On a nameless path I looked for signs, but found none. On my map it's a circle with no circumference. I've seen footprints, made by a tengu?, a winged, pencil-nosed goblin who perches in trees and with the tip of its beak scribbles riddles that don't have answer. Everything's possible, if one walks slow enough.


esterday, through static from a storm in the Midwest, clear
across the country we spoke for the first time in years.
Both successful in our own way: you wanted
money, and I wanted books,

you said you hardly read anymore, but sounded happy in your work of healing troubled minds.The past stings like a cold morning shower, clouds blemish the sun's perfect skin.
we will never talk again.

The trail is muddy today. Rocks pop up, leaves have slick faces. Puffs of breath mix with low-hanging clouds; the creek is hardly heard. I climb higher, brightened by chips of redwood bark, darkened by detritus of this year's fall, then down slippery wooden steps, stopping for a moment to jot down notes. Walking deeper into the woods there is no Yahweh to scold me, no Christ to heal me, no Buddha to guide me.

A few years short of Po Chü-i's age when he wrote, "feeble and frail by a hundred diseases, / but a rotting tree never avoids grubs, / and wind finds empty hollows with ease," last night I had this dream:

A young man with an aura of curly blond hair is telling another, "I can only lead you to the door of illumination,
i can't take you through." Nearby, i'm looking into a black hole opened in the face of a rotting log.

The forest seems poised between living and dying. Pelts of wet moss lounge on naked branches, sword ferns waver. Having not rained for months, the Wailing Wall is dry. Older than Solomon's Temple, once its caves housed tiny Daoist hermits. Now Jews are like farmers: they practice an exacting way of life where details matter and transcendent spiritual value lies too deep for outsiders to see. Like farmers, Jews are attached–they always know the time and season. They always know when the sun sets, when Shabbat starts and when they've exchanged an ancient vision for a modern one. But a path "shouldn't lead from here to there. It should lead from here to here."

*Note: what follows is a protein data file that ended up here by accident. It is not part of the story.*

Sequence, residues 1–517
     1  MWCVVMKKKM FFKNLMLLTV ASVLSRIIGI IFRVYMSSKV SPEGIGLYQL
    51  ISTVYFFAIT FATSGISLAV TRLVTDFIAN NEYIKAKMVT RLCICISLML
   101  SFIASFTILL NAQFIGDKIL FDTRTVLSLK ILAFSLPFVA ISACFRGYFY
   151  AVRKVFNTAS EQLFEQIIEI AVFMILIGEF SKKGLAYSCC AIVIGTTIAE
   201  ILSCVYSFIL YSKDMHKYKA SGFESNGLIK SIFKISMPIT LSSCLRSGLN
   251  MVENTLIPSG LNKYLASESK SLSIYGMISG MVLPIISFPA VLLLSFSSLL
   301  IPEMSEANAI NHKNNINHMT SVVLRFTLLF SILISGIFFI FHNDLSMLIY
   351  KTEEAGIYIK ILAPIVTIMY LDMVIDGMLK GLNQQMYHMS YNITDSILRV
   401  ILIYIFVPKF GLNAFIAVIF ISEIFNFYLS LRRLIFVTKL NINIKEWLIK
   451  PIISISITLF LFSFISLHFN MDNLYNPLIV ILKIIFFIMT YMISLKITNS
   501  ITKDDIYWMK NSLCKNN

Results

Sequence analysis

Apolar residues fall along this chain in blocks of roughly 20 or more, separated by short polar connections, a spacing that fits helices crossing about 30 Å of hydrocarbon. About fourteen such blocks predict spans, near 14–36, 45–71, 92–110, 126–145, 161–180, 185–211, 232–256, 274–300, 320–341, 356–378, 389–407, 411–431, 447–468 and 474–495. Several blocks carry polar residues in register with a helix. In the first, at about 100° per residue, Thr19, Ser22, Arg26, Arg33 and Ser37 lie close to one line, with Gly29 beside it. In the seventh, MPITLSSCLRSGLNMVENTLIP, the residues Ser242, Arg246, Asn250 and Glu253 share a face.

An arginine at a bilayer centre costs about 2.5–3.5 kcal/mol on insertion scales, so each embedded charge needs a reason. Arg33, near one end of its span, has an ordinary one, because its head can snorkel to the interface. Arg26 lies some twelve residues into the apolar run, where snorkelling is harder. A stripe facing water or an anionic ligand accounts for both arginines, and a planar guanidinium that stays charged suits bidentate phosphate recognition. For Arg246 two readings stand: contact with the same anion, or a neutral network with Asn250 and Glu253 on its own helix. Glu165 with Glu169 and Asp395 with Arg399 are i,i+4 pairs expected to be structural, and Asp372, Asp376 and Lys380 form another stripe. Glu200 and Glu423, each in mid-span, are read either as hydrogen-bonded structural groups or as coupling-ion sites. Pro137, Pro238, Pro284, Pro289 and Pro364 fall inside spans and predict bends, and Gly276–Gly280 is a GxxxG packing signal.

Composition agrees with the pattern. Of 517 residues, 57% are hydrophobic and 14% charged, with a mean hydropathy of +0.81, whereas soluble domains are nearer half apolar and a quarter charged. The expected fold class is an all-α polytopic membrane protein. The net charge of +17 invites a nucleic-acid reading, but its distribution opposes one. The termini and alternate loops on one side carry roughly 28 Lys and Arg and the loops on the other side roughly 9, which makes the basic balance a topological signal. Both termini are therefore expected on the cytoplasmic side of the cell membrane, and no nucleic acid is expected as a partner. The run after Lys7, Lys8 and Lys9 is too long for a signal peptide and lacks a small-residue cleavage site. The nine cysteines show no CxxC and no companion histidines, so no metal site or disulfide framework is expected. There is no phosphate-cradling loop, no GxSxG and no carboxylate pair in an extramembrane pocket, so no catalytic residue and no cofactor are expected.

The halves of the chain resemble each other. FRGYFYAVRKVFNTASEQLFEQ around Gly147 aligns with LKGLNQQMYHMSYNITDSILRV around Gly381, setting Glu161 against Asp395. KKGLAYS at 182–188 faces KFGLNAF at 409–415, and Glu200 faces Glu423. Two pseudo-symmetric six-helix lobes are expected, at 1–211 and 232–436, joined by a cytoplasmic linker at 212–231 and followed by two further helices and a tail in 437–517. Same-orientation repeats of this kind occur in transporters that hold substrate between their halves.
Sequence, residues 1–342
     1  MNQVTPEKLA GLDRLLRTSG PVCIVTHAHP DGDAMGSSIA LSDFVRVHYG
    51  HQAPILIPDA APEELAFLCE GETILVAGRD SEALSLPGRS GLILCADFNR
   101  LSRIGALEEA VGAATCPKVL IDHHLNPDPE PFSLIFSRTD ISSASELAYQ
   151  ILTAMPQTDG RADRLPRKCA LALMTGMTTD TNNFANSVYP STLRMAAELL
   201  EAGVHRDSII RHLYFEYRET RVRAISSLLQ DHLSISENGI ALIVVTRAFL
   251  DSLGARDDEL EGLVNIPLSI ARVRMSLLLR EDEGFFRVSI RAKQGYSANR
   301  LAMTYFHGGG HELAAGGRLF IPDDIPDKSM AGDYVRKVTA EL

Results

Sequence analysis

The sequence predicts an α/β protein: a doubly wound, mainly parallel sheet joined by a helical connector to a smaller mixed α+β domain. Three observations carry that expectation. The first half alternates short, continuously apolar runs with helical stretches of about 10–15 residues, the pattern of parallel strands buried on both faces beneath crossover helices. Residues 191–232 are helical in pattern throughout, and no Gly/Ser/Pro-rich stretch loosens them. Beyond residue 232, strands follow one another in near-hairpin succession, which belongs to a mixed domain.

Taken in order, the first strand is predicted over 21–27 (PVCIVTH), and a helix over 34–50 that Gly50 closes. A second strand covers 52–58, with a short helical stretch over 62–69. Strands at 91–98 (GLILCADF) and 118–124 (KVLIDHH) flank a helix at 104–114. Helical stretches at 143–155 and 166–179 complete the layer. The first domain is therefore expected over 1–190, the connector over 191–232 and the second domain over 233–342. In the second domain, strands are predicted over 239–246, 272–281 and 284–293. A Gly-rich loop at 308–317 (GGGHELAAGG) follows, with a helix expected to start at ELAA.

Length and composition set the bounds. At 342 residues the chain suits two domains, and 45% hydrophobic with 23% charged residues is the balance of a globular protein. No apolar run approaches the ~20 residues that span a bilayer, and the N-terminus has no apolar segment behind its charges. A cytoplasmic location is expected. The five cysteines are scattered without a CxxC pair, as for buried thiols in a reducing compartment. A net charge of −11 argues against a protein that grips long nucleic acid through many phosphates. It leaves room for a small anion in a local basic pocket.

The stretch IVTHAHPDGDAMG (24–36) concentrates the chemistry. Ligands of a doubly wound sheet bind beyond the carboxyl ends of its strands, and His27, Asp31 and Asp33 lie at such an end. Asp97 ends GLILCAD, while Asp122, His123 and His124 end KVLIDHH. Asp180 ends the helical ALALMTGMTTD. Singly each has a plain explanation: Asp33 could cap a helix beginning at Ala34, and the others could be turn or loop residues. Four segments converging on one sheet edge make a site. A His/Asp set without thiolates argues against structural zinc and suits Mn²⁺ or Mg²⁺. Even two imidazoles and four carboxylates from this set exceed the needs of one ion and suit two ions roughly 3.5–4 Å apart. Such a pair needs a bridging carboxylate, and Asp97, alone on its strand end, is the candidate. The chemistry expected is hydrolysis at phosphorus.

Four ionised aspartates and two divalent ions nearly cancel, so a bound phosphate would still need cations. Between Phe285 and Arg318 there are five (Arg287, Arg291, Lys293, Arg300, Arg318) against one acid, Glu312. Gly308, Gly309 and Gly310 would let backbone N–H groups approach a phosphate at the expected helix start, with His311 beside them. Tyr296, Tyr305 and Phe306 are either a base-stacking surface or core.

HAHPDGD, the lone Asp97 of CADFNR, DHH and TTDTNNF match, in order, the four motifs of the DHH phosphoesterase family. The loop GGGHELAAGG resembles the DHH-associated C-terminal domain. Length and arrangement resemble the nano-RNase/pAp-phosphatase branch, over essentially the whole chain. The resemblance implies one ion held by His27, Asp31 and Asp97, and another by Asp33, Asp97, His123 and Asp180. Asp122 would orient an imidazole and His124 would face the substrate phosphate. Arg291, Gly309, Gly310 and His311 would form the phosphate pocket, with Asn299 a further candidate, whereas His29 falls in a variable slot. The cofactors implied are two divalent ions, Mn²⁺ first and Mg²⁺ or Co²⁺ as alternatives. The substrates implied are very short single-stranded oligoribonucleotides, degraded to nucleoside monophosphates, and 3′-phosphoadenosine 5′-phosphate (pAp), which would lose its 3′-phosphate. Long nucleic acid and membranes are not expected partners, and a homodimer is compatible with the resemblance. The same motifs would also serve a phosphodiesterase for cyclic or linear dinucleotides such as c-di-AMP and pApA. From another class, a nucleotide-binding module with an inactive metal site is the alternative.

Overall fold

What a mess
                life can be
when one's heart reaches out
to embrace the dew!

My studies and my dreams always lead me back to the Paleolithic caves. To enter them is to crawl past the fear of death. What price to bring light and culture into a forbidding realm, squeezing through psychic tunnels pushing a flickering oil lamp ahead. Jung said that the process of individuation is contra naturarum. Yet life is biological, death ecological. There are handprints all over the Void.

About 10,000 years separate the paintings in the cave at Gargas, where "it was not the depictions of animals that was the most remarkable human activity," but anonymous